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Arteriovenous Malformations

Arteriovenous malformations (AVMs) are abnormal masses of blood vessels — arteries and veins called the nidus — that develop while an unborn baby is growing inside the mother’s uterus. The blood in the arteries dumps directly into the veins with no network of tiny capillaries in between, which normally occurs. And because the blood vessels that make up these masses are abnormally fragile, the malformations may bleed, leading to serious complications.

Although AVMs can occur anywhere (arms, hands, legs, feet, lungs, heart, liver and kidneys), about half of them are found in the brain, brainstem and spinal cord. Because they hemorrhage easily, AVMs can cause strokes, paralysis and the loss of speech, memory or vision. There is about a 10% fatality rate associated with an AVM hemorrhage. Visit Lurie Children's Division of Plastic and Reconstructive Surgery to learn more about AVMs that occur in parts of the body other than the brain.

Brain AVMs occur in approximately three of every 100,000 people, and about 40 to 80% of them experience some bleeding. It has been estimated that the annual risk of bleeding is about 1 to 4%. After age 55, the risk of bleeding decreases. Pregnancy and labor has been associated with an increased chance of AVM rupture. Although people are born with AVMs, the malformations are rarely discovered before age 20.


Some researchers suggest there is a genetic link for some AVMs, but no one is sure. The majority of AVMs are discovered in people ages 20 to 40. Some evidence indicates that the malformations develop when the unborn fetus is 45 to 60 days old, but other information suggests that AVMs are primitive structures left over after fetal blood-circulating systems develop.


Based on the clinical symptoms such as severe headache or neurological problems, the following tests may be used:

  • A complete neurologic exam
  • A computed tomography (CT/CTA) scan of the head
  • Magnetic resonance imaging (MRI/MRA)
  • Functional MRI
  • A lumbar puncture, or spinal tap, may follow the MRI or CT scan
  • Cerebral angiography
  • A variety of tests of language comprehension, speech production, sensation and other tasks to help determine the risk of treatment


Typically, the first symptom of an AVM hemorrhage in the brain is either a sudden severe headache or seizures. The headache may be focused in one specific area or it may be more general. Sometimes the headache is mistaken for a migraine. Other symptoms may include vomiting, stiff neck, confusion, irritability, sleepiness, lethargy or weakness anywhere in the body.

Vision may also be affected; a person may experience decreased, double or blurred vision. About 25% of patients experience loss of vision, weakness or mental changes, depending on the exact location of the AVM.

Additional signs of a bleeding AVM in the brain are impaired speech or smell, dizziness, paralysis of the facial muscles, drooping eyelids, fainting, and ringing or buzzing in the ears.


The treatment team typically consist of a neurologist, neuroradiologist, neuropsychologist, neurosurgeon and anesthesiologist; a careful evaluation is key to successful treatment. The following are treatment options to be considered:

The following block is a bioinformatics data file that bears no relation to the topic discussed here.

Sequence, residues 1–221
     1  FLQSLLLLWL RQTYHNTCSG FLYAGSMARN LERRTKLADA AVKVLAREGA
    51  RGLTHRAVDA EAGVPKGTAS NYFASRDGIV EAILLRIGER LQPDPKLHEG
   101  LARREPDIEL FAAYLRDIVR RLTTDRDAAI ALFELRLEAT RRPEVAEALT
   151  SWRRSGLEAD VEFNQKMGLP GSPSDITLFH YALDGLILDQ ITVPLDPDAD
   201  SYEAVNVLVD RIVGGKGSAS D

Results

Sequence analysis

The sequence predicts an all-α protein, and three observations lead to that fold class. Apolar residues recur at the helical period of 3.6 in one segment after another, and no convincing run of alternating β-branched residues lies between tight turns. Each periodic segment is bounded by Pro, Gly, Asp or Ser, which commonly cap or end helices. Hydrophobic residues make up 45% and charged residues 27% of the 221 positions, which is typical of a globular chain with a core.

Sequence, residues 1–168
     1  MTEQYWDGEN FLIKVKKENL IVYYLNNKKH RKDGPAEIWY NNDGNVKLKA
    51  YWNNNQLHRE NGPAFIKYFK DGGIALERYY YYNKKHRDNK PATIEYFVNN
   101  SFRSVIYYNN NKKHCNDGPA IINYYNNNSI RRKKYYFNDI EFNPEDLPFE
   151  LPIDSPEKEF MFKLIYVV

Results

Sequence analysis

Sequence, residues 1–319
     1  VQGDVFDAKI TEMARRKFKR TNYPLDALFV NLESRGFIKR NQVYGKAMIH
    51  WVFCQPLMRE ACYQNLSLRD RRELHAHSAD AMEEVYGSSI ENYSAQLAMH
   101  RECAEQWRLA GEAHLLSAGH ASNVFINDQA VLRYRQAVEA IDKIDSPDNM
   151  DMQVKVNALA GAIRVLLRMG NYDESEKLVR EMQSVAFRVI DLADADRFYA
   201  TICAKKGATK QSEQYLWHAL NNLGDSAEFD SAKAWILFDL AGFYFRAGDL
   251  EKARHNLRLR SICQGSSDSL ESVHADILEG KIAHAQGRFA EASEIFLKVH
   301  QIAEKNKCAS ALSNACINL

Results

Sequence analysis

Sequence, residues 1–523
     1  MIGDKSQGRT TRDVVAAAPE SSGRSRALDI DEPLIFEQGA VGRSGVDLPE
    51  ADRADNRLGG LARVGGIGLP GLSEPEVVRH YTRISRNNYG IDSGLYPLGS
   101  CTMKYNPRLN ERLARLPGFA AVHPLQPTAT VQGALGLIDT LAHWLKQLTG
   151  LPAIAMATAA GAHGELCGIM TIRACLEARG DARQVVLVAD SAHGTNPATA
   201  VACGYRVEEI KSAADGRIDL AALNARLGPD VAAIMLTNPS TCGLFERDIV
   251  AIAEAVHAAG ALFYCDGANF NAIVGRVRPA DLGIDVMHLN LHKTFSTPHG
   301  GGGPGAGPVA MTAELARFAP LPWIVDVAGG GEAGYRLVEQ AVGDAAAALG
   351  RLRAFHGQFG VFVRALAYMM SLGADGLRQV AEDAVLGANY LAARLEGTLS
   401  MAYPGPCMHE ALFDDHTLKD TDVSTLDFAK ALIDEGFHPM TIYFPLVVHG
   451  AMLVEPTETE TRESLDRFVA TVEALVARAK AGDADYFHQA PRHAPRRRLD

• Observation — There is some debate over whether or not to treat AVMs that have not ruptured and are not causing any symptoms. The risks and benefits of proceeding with treatment need to be measured on an individual basis, taking into account factors such as the person's age and general health, as well as the AVM's size and location and risks of treatment.
  • Symptomatic treatment — Antiseizure medications, pain relievers for headaches and migraine medications may provide adequate symptom control for many patients.
  • Surgery — Removing the AVM is the surest way of preventing it from causing future problems. Often surgery is recommended for AVMs that are close to the surface, but it may be too difficult or risky for deeply located or very large ones.
  • Targeted radiation — Stereotactic radiosurgery is particularly useful for treating small malformations deep within the brain. This approach can often destroy the AVM without damaging the surrounding tissue. However, the success or failure of radiation often takes time to be evident called the latency period which is often two to three years. During that time the patient is at risk for hemorrhage.
  • Embolization — This approach involves blocking the blood flow to the malformation through the placement — via a catheter — of a hardening polymer. In the event that embolization is being used in advance of surgery, at least two or three embolization procedures may be necessary delivered at intervals of two to six weeks. The procedure alone can in some circumstances provide complete blockage of the AVM and potential cure when the AVM is small.

Long-term Outlook

Approximately 10% of AVM hemorrhages are fatal. Seizures and neurological changes may be permanent in another 10 to 30% of cases of AVM rupture. If an AVM bleeds once, it is about 6% likely to bleed again in the next year if it is not treated. As time passes from the initial hemorrhage, the risk for further bleeding drops to about 3 to 4%, the baseline natural history risk. If the AVM has not bled, it is possible that it will bleed at a natural history risk rate of 3 to 4% per year. Some AVMs harbor features that make them more likely to bleed. Untreated AVMs can grow larger over time and rarely go away by themselves.

In children, surgical removal can cure the AVM, but long-term angiographic follow up is recommended since the AVM can recur in rare cases. In AVM’s that have been treated radiosurgically and have been documented as obliterated on 2-to-3-year post-treatment angiograms, long-term follow-up angiography is also recommended.